A North Carolina sheriff’s department has been testing out their newest bullet-catching device, a steel tube full of Kevlar fibers. Ballistics tubes are starting to replace the use of water tanks to test-fire guns into because really, they splash way more than they show on TV and all it takes is one lazy technician for someone to slip or something else bad.
Plus, the tubes are smaller and don’t distort the bullets nearly as much from the compression, and it can handle high-velocity stuff that water just destroys like rifle ammo, etc. All that really takes a back seat to having a lab that doesn’t smell like a dorm shower from nasty old water loaded with gunshit.
“With the use of a new forensics tool, the Onslow County Sheriff’s Office has begun to track every firearm that passes through deputy hands.” FYI, that would be every gun they use plus the guns submitted for criminal testing. Onslow is one of 13 North Carolina counties to participate in the ATF-led national ballistics program, which is an opt-in ballistics fingerprint database that stores case and bullet data.
And while yes, this is art-of-the-state technology and all that, it doesn’t change one fundamental fingerprinting shortfall: unlike actual fingerprints which maintain themselves whether you eat a balanced diet that includes above-average proportions of kale, citrus, and lentils, or just a steady diet of extra-spicy Slim Jims and gas-station Frito Pie, firearm fingerprints change every time the gun is shot. Or cleaned. Or dry-fired if you use snap caps.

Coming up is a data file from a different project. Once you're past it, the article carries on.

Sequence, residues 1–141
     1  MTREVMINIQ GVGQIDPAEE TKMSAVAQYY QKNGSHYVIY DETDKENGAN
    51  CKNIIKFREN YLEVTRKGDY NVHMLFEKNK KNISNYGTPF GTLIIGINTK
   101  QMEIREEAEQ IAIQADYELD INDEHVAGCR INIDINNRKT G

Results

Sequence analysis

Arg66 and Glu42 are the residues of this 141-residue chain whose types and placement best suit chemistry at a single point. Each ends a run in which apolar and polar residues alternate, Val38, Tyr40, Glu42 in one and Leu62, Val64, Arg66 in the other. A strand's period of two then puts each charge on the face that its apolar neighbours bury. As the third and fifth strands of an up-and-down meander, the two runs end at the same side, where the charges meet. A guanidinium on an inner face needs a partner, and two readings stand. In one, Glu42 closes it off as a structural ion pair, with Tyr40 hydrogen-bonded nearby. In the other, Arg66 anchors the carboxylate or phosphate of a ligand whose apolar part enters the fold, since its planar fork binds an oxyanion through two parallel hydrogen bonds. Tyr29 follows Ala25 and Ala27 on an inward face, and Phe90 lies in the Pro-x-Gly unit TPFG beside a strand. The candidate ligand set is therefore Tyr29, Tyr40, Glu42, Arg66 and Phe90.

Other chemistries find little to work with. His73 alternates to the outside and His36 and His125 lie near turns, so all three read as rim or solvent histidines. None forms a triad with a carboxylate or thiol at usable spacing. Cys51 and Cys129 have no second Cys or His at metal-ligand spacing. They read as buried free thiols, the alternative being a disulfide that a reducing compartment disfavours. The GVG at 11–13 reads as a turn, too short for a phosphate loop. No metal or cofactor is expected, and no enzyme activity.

Sure, it’s just a little, but identifying two bullets as fired from the same gun 100 rounds apart is hard no matter how great your imaging system is, and that’s assuming they’re the same brand and model cartridge to begin with. Still, we’re not knocking ballistics fingerprinting (mandatory ballistics registers aside) because it is sometimes useful and does sometimes fight crime.
What we’re actually going to pick a nit on is how the Onslow sheriff’s department managed to acquire their thready tube. “The tube, which cost $3,000, was paid for by monies from concealed handgun permit fees, Sheriff Ed Brown said.”
This doesn’t imply, this doesn’t hint at, this clearly states that the North Carolina municipalities are profiting off the concealed-carry permit system. They are literally charging people for the use of their rights. Provided that is, if you believe carrying is a right, and not a privilege. We’re not sure why anyone would come to that conclusion, but our experience proves otherwise.
Do you think that states should make extra money on the side handing out carry permits? If they don’t intend to profit, but wind up with extra, is spending it fighting crime reasonable, or should that cash find a different home?